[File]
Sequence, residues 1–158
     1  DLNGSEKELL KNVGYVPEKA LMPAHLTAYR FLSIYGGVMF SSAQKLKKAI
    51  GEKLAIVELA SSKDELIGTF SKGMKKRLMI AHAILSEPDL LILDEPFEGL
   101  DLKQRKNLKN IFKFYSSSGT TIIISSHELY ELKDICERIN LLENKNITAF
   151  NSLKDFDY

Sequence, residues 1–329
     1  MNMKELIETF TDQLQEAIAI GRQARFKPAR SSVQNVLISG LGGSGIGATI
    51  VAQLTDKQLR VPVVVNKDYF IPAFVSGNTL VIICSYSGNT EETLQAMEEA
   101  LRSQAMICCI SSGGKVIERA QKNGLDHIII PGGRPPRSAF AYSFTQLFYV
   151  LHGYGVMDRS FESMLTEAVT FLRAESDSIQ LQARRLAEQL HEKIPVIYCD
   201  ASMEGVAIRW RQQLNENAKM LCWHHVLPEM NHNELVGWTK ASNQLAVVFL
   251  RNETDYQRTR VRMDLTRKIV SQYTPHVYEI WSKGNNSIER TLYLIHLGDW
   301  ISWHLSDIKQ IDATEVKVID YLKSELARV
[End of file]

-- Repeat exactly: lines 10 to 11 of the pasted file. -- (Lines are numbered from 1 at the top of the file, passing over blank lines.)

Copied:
   151  LHGYGVMDRS FESMLTEAVT FLRAESDSIQ LQARRLAEQL HEKIPVIYCD
   201  ASMEGVAIRW RQQLNENAKM LCWHHVLPEM NHNELVGWTK ASNQLAVVFL